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hood. Now, it appears very plain - will allow that there is scarcely an ar-
that all these parties cannot entertain ticle in the service that does not convey
that sense of the contract which is en. a satire on such matches.
tertained by persons who unite from You will perhaps say, that these things
motives of affection, and with a mutual are true, and that they afford fufficient
desire to make each other happy. Hence ground for making lome alteration in the
my firlt objection, and indeed my prin- service. I once thought fo myself, and
cipal one, is aimed at the contract itself I tried the alteration ; but it would not
as not being suited to the different par- do. I omitted, and I added, and tried
ties who are to sign it. At the time it in all various ways, but at laft was o-
the form of matrimonial service was. bliged to be of opinion, that in the pre-
composed, we may suppose that there sent state of the fashionable world, we
prevailed a greater degree of equality want a form of service for the various
in the dispositions of persons about to ranks of fociety.
marry than we find now, and one form The present is far too good ; it pro.
· might very well serve for all. But the ceeds upon motives of religion, but that
introduction of genteel manners into all you know, is rather out of fashion
ranks of life, and those manners grafted and I am persuaded no person of dif-
upon vulgarity and ignorance, have oc- tinction would thank you for fupposing
cafioned so great

variety of tastes and him influenced by it in his conduct to. dispositions, that it would be really un- wards his wife. The phrases used in reasonable not to think that the present it are also too loose and general. Love, form of service has become nearly obso. honour, and obey! There are not three lete, or only fit for the few who have words in the language, which admit-of been so economical as to hand down the greater latitude.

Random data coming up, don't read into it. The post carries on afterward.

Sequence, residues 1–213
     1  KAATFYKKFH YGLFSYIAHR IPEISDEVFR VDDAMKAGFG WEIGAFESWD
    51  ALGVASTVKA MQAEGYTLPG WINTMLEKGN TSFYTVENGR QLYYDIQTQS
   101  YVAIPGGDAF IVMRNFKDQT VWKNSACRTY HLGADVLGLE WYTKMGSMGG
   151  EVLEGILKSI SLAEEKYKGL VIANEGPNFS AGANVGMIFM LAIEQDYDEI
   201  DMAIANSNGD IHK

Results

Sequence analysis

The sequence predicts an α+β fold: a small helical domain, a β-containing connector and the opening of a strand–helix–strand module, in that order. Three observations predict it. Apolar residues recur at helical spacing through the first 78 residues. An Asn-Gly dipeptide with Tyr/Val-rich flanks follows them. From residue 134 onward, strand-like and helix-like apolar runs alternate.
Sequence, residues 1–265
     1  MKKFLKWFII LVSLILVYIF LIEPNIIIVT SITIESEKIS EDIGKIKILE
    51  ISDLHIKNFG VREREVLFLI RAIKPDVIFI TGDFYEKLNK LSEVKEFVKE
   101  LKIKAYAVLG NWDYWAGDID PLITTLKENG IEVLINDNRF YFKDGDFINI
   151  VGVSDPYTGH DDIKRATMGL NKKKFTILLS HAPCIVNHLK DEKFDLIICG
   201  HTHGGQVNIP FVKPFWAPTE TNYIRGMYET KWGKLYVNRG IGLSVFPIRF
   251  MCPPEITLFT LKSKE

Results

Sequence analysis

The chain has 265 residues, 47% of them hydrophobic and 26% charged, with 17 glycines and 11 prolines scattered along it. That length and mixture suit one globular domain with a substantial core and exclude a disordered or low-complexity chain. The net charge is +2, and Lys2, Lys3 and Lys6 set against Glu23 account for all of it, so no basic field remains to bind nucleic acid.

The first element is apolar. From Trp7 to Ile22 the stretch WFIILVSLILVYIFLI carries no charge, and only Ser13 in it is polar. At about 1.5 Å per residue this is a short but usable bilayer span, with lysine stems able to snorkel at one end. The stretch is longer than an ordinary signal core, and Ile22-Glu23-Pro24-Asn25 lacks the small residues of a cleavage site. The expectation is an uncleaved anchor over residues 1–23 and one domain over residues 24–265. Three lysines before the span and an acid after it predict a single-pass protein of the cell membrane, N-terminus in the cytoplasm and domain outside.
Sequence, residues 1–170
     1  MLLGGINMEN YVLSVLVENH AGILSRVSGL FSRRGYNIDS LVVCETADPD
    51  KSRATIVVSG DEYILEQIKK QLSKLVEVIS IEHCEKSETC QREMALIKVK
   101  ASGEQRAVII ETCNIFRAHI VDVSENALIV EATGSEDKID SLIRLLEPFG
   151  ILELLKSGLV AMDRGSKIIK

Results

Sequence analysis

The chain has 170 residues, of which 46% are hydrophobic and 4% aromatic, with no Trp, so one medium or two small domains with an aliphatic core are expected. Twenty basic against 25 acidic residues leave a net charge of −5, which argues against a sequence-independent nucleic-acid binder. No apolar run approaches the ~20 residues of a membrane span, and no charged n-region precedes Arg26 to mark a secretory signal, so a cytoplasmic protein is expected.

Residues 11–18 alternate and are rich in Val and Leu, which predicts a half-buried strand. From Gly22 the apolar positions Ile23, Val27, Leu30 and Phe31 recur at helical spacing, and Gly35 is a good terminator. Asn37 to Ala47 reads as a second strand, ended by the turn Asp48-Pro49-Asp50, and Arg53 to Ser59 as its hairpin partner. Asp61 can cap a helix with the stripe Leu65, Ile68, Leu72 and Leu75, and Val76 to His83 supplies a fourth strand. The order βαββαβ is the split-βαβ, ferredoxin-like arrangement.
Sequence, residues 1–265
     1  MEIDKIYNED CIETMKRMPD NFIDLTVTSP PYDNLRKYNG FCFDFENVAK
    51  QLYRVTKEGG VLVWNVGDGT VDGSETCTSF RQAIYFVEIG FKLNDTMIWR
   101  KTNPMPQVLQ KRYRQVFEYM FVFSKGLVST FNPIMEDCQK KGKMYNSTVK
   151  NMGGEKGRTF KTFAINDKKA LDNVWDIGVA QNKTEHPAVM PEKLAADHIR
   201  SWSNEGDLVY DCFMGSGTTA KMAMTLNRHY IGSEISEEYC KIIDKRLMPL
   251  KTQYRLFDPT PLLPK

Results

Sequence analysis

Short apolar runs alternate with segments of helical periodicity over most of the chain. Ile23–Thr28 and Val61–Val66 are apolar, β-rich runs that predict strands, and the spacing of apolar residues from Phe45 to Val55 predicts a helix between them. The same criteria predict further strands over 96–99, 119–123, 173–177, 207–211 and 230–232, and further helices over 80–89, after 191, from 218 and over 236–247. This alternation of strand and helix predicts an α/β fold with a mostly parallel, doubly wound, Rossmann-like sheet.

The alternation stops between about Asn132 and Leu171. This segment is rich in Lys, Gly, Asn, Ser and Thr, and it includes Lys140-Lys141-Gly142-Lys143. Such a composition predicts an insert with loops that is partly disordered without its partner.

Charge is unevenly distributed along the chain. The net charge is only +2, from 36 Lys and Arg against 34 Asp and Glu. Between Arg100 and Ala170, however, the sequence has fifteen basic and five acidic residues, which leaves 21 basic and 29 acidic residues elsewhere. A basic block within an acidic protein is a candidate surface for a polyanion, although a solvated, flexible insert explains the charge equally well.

First, as to love ; virtues as well as the estates of their most men of fashion think they love ancestors to posterity.

their wives dearly, if they neither beat Can we, for example, expect that a them, por turn them of doors ; and man who has married a woman for no that love is perfectly consistent with other obje&t than her money, will regard frequent absence from home, occasional his promise to love her, and comfort gallantries with other ladies, and the her, honour and keep her in fickness and distant respect of occasional acquainhealth,” when we know that the great- tances. As to honour, their notions est favour she can do him, next to giving of that are very latitudinarian ; I shall her money into his hands, is to give not enter particularly into them, but him an opportunity of burying her ? they are very frequently exemplified in When we see a young woman forced the civil and criminal courts. With into the arms of an old dotard, for regard to obedience, which is principally no other purpose than to obtain a title expected from the fair sex, I am lorry or a handsome jointure (by the bye to say, that it is a word of very lax this word should be written disjointure, and general interpretation, and is clogas it is one of the preliminaries to a fi- ged with so many conditions and acts nal separation) are we to expect that of mental reservation, as to be rarely she will love, cherith, and obey such a recognized in the sense in which it ap. husband? I might state many other pears to have been used by the compilers cases for which our service is obviously of our liturgy. One lady of fashion proill adapted. But the other day we read fesses to obey her husband in every in the papers of a couple married, the thing consistent with her own inclinaman was eighty, and the woman seven- tion : That is har sense of obedience. ty-six years of age. I believe them as Another thinks herself absolved froin fully inclined to fulfil their vows as one all obedience, because her husband is a balf of our fashionable pairs, yet you fool. A third conditions with him,